From 16 December, Shinonome was assigned to cover Japanese landings during "Operation B", the invasion of British Borneo. The official record of her demise, however, is ambiguous. Although some Japanese sources at the time claimed that she hit a naval mine, there are no extant records of either British or Dutch mine-laying in the area. It is generally accepted that the Shinonome was sunk by Dutch military aircraft, either (a) on 17 December 1941, after being struck by two bombs from a Dornier Do 24 flying boat X-32 of the Royal Dutch Naval Air Group GVT-7, which detonated her aft magazine, or (b) on 18 December 1941, after an attack by Martin B-10 bombers of the Royal Netherlands East Indies Army Air Force (2de Vl.G).[7][8] In either case, Shinonome exploded and sank with all hands in the vicinity of Miri, Sarawak (04°24′N 114°0′E / 4.4°N 114°E / 4.4; 114Coordinates: 04°24′N 114°0′E / 4.4°N 114°E / 4.4; 114) [9]

    On 15 January 1942, Shinonome was struck from the navy list.[10]

    Shinonome wreckage

    The exact position of the wreck of Shinonome remains unknown, but it likely lies somewhere between Seria, Brunei to the north, and Miri town itself. A team of wreck researchers, based in Miri and with help from the Netherlands, has been searching for the ship's remains since 2004. The team has identified several prospective sites, and is in the process of confirming them. The position, orientation and condition of the wreck will help to resolve the lingering uncertainty about the circumstances surrounding the Shinonome's demise.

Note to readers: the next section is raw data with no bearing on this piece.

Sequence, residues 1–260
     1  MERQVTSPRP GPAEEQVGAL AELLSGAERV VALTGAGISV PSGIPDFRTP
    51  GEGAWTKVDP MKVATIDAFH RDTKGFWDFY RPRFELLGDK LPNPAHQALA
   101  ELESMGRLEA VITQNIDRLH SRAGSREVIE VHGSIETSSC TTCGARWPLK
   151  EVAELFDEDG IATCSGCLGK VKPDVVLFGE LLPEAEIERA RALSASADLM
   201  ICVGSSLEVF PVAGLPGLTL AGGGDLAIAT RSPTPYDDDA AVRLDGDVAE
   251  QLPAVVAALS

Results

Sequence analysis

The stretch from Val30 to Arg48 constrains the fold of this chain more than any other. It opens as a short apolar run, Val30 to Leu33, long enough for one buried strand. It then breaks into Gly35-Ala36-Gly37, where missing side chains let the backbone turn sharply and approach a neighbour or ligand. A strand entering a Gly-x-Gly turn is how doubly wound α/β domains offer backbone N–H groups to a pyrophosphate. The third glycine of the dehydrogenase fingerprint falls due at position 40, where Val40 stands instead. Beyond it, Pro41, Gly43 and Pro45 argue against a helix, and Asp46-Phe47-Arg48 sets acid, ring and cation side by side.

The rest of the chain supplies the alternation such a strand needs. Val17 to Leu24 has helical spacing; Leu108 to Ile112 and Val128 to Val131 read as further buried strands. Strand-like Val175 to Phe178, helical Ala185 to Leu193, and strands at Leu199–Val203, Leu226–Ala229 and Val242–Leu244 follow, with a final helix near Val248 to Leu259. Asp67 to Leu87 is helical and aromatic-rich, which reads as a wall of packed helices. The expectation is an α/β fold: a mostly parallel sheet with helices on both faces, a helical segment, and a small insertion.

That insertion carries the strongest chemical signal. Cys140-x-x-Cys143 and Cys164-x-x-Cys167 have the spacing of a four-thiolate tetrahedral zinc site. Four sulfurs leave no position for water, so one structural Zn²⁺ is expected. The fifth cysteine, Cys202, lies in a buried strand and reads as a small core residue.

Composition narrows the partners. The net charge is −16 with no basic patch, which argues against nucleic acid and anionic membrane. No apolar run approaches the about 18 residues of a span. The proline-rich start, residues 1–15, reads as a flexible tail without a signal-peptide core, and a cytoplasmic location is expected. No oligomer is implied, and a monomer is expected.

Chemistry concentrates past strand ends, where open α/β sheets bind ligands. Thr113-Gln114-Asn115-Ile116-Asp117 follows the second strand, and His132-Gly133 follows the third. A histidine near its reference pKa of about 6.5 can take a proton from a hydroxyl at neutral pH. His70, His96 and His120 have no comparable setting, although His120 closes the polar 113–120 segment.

• Brown, David (1990). Warship Losses of World War Two. Naval Institute Press. ISBN 1-55750-914-X. 
    • Howarth, Stephen (1983). The Fighting Ships of the Rising Sun: The Drama of the Imperial Japanese Navy, 1895–1945. Atheneum. ISBN 0-689-11402-8. 
    • Jentsura, Hansgeorg (1976). Warships of the Imperial Japanese Navy, 1869–1945. US Naval Institute Press. ISBN 0-87021-893-X. 
    • Nelson, Andrew N. (1967). Japanese–English Character Dictionary. Tuttle. ISBN 0-8048-0408-7. 
    • Watts, Anthony J (1967). Japanese Warships of World War II. Doubleday. ASIN B000KEV3J8. 
    • Whitley, M J (2000). Destroyers of World War Two: An International Encyclopedia. London: Arms and Armour Press. ISBN 1-85409-521-8. 

    External links


    1. Nelson. Japanese-English Character Dictionary. Page 213
    2. "IJN Fubuki class destroyers". 
    3. Fitzsimons, Illustrated Encyclopedia of 20th Century Weapons and Warfare p.1040
    4. Peattie & Evans, Kaigun page 221-222.
    5. Nishidah, Hiroshi (2002). "Fubuki class 1st class destroyers". Materials of the Imperial Japanese Navy. 
    6. Nevitt, Allyn D. (1997). "IJN Shinonome: Tabular Record of Movement". Long Lancers. 
    7. cf. the account provided in P.C. De Boer's De Luchtstrijd rond Borneo (Houten: 1987))
    8. Visser, Jan (1999-2000). "Who sank IJN destroyer Shinonome, December 1941?". Forgotten Campaign: The Dutch East Indies Campaign 1941-1942. 
    9. Brown. Warship Losses of World War Two.
    10. Nishidah, Hiroshi (2002). "Fubuki class destroyers". Materials of the Imperial Japanese Navy.